Identifying the opportunities and challenges for funding in Canada

LESA webinar
Geoff Moysa
Investment Manager, Legal Counsel - Canada

Six years ago, Omni Bridgeway became the first leading commercial litigation funder to open an office in Canada, a move designed to support the growing demand for dispute funding in the market. Just as it has around the world, funding has continued to evolve in Canada in the years since and ever-more sophisticated financing solutions are available to assist claimants and counsel pursuing meritorious claims.

To help further educate lawyers about the increasing number of funding options, Geoff Moysa, an investment manager and legal counsel in Omni Bridgeway’s Toronto office, recently served on the faculty of a Legal Education Society of Alberta (LESA) course, “Third Party Litigation Funding: Identifying Opportunities and Challenges.”

Moysa’s presentation, “Financing Solutions for Legal Assets,” explored the variety of funding solutions available to claimants and counsel, what a dispute funder looks for when assessing cases, some of the common legal and ethical issues encountered when obtaining funding, and how the funding relationship operates in practice. The full course is available for download from LESA. A few key highlights follow.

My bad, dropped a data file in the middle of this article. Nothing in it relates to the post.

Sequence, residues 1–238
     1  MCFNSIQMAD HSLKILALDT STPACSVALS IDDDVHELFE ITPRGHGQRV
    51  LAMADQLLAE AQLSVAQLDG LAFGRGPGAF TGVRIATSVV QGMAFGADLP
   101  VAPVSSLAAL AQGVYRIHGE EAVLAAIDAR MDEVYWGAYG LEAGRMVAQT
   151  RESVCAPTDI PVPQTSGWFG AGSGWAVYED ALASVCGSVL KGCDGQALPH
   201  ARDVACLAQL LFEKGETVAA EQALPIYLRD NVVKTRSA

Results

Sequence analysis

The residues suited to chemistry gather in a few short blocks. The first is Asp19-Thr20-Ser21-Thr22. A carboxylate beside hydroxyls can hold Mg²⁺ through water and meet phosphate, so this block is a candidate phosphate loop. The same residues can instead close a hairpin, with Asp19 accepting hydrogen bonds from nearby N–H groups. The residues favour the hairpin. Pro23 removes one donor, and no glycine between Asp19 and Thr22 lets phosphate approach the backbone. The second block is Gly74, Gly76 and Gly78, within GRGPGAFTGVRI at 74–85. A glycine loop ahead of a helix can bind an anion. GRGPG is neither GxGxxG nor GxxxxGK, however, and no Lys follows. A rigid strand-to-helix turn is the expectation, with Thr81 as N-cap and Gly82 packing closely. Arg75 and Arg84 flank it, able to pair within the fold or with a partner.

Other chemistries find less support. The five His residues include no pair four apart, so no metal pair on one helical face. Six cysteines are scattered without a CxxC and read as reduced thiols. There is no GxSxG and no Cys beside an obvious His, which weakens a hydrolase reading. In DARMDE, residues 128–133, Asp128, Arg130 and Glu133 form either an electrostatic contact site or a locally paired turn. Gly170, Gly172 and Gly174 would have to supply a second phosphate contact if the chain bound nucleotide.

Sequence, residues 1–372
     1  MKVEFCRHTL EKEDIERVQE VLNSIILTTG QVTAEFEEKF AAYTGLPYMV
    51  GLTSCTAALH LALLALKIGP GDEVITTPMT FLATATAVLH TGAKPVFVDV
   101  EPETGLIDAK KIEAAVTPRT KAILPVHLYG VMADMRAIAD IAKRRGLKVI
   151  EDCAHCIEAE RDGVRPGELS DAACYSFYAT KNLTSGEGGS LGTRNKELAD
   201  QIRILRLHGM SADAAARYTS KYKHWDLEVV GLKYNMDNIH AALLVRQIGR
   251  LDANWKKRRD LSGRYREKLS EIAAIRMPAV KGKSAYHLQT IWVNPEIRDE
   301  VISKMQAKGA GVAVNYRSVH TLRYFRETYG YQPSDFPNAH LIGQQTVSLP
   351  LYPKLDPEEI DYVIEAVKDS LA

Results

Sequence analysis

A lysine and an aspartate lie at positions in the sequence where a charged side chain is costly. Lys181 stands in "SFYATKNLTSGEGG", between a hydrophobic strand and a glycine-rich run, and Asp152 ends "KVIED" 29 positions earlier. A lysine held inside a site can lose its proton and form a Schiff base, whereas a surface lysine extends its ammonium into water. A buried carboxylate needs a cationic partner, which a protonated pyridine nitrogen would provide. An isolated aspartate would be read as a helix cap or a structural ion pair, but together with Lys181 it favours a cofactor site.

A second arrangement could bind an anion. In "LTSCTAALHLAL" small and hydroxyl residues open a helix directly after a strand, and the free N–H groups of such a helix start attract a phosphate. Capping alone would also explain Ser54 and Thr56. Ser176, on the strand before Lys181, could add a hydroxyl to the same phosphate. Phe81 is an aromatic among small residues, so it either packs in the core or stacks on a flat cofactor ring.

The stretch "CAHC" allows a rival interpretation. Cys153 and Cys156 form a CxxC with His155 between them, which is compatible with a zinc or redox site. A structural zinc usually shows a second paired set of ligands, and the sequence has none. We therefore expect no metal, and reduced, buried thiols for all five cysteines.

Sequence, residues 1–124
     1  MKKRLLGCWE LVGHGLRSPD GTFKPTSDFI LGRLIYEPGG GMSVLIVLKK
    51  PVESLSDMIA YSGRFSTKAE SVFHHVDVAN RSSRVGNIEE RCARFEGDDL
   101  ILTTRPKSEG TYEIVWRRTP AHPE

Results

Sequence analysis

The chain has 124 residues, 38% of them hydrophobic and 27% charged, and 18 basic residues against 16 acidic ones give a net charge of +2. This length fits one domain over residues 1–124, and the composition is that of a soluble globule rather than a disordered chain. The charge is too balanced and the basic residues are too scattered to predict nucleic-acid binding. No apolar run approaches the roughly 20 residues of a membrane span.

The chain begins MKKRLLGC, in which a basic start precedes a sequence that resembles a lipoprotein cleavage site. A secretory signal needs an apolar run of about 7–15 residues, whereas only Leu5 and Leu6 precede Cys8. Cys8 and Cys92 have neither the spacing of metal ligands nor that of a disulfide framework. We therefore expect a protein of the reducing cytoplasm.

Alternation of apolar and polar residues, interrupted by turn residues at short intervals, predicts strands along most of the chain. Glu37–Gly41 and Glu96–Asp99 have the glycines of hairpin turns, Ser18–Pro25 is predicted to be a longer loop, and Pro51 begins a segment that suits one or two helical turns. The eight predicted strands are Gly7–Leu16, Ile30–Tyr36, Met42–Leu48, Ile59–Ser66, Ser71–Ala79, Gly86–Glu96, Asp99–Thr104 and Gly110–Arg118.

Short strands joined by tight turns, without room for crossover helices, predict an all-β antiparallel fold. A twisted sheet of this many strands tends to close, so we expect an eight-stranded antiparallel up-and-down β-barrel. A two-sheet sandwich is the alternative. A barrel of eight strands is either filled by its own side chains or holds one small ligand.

A Broad Market

Moysa noted that litigation funding takes many forms. “Funding is not a monolith,” Moysa said. “It’s a variety of different financial products targeted at a variety of markets.” For its part, Omni Bridgeway funds commercial claims, including commercial litigation, arbitration, insolvency-related claims, intellectual property claims, competition law cases, and class actions (though rarely in Canada). The company also engages in judgment enforcement and claims monetization.

In its early days, funding was primarily used in David-vs.-Goliath cases, where an impecunious claimant needed financing to bring meritorious claims and level the playing field with a large, well-funded defendant. Today, well-funded entities are seeking funding to de-risk plaintiffs-side litigation and shift costs off the balance sheet. “Litigation is always a risky enterprise,” Moysa said. “It can be a huge cost centre and unpredictable. A lot of entities are seeing the benefit of shifting those costs, having more predictability, and having more protection against adverse cost risks.”

Omni Bridgeway, Moysa said, provides single-case funding, as well as financing for portfolios of litigation. Funding is non-recourse, which means the funder only receives a return on its investment if the litigation is successful. If a case fails, the funder is owed nothing.

Single Cases and Portfolios

In single case funding, the funder advances capital for fees and disbursements to the claimant. Often, the funder and a law firm enter into a risk-sharing model. In a typical scenario, the funder pays either all or a percentage of the firm’s hourly fees. If the firm is paid a percentage of its fees, the firm is paid the remaining fees along with a success fee on resolution. Thus, the firm is incentivized to seek a strong recovery, but does not bear the risk of a full contingency.